C:  Many liberals and Left-liberals of various stripes see technological development as invariably liberating (assumes that technology = freedom); complete support for scientific and technological development, consumerism, effective melding of man and machine (e.g., computers, cars, and popular science-fiction imagery): teleological, optimistic.

L:  Some old-style Marxists embraced technology fully, as the essential vehicle for the achievement of the classless society (e.g. producerism, “the war for production”, Stakhanovism, “engineers of souls”); teleological, optimistic.

•  Technology as Basically “Value Neutral” (Rather Optimistic)

Under contemporary (or another) system, technology has negative consequences, but under a different (or contemporary) political system it would be used (or is being used) positively; belief in the absolute primacy of society or ideology or human values in the social/historical process

R: Forward-looking nationalists and so-called “postmodern” Right enthusiastically seek to integrate technology within national and religious traditions—probable ultimate goal is “feudal values plus high-technology”.  Some fictional examples which could be used to illustrate the end-result of this possible synthesis are Dune (Frank Herbert’s far-future epic of heroic intragalactic struggle focussed on the desert-planet Arrakis), Chung-kuo  (David Wingrove’s epic series about a future Oriental-ruled Earth), and—to a certain extent—George Lucas’ Star Wars  movie trilogy wavering between teleology, eternal recurrence, and indeterminism.

C:  Liberals of all stripes and some Left-liberals generally support ongoing technological development, with some variations in the proposed intensity of ongoing social reforms designed to deal with problems caused by technology (problems which can, generally speaking, be  solved—meliorism and reformism); teleological or indeterminist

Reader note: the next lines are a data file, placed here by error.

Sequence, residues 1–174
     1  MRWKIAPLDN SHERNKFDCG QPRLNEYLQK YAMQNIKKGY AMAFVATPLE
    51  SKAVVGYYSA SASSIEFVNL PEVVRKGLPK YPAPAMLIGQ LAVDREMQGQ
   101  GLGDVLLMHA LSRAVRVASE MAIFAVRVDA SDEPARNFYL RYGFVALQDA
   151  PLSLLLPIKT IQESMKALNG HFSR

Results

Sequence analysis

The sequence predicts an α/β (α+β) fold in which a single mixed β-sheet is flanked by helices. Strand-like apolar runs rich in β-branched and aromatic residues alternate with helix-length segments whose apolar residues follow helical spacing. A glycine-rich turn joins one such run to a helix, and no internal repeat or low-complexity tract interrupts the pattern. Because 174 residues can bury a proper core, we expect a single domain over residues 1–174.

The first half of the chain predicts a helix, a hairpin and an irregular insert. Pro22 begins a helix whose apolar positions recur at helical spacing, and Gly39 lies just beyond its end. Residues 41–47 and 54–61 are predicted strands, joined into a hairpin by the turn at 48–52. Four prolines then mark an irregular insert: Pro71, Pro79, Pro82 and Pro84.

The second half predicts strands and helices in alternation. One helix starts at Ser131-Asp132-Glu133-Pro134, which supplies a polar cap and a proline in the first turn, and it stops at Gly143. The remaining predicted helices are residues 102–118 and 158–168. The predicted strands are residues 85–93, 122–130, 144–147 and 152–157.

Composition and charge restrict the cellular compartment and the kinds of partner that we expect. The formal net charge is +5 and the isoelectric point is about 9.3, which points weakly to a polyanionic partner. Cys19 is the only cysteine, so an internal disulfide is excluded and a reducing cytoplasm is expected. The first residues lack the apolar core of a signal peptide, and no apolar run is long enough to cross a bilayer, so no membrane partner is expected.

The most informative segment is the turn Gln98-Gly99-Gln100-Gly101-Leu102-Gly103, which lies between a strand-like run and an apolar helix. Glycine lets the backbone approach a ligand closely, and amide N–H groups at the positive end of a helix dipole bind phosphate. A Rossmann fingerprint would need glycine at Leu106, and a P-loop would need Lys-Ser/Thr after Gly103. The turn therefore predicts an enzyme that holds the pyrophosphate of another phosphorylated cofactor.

L:  Postmodern Left and some Left-liberals seek to radically build classless, truly egalitarian society, where technology would be used for humanity, not against  it (believe that such an evolution is possible); teleological or indeterminist

•  Technology as Generally “Bad” But Possibly Amenable to Human Control (Rather Pessimistic)

Viewing technology as sometimes “value-neutral” and sometimes as generally “bad”.

R:  Pessimistic variant of “postmodern” Right—have little hope for the future, but continue their efforts nonetheless in the belief something can be salvaged; believe somewhat more in eternal recurrence than in “negative teleology” (seriously question indeterminism).  See technology, liberalism, Left-liberalism, and capitalism as intertwined “late modern” system destructive of all genuine cultural particularities and human identities.

C:  Very pessimistic liberals (they have to be extremely pessimistic to fit in this category, as liberalism is generally optimistic)—have little hope for the future, but continue their efforts nonetheless (do not generally believe that most problems can be solved); wavering between teleology and “negative teleology”; generally believe technology to be “fascistic” or tending to release irrational impulses or greed (as in consumerism).

L-Neo-Marxist:  Technology generally seen as “fascistic”; giving up hope in classless, truly egalitarian society—“everywhere they are in chains”; wavering between teleology and “negative teleology”.

L-Ecological:  Technology generally seen as “fascistic”; desire to return to simpler and more natural existence; commune movements; deep-ecology; environmentalism; “green” trends; generally pessimistic—wavering between teleology and “negative teleology”.

•  Technology as Invariably “Bad” and Virtually Unamenable to Human Control: (Very Pessimistic)

R: Heidegger sees technology as leading almost invariably to the dystopia of “the universal, homogenous world-state” (in Jacques Ellul’s and George Parkin Grant’s phrase), eliminating cultural particularities and all genuine human identities; escape by humankind from technology or reconciliation of humankind and technology is all but impossible; “negative teleology” of technological advance; conservative response: existentialism—“tend your own garden”, look after “the little things” (i.e., particularities).

No Center position because no liberals can be this radical and pessimistic.

L-Radical Ecology: Technology invariably seen as “fascistic”; desire to return to simpler and more natural existence; commune movements; deep-ecology; environmentalism; “green” trends; very radical—all life on Earth is probably doomed unless the so-called “human infestation” or “cancer of humanity” or “human virus” radically changes its destructive ways.  Some would advocate extreme interventions to reduce human population and consumption-habits.  Strongly “anti-speciesist”: human life is considered not inherently more valuable than that of any other species; “negative teleology” of technological advance; sometimes carry out a radical response, so-called “direct action” (called “eco-terrorism” by their opponents).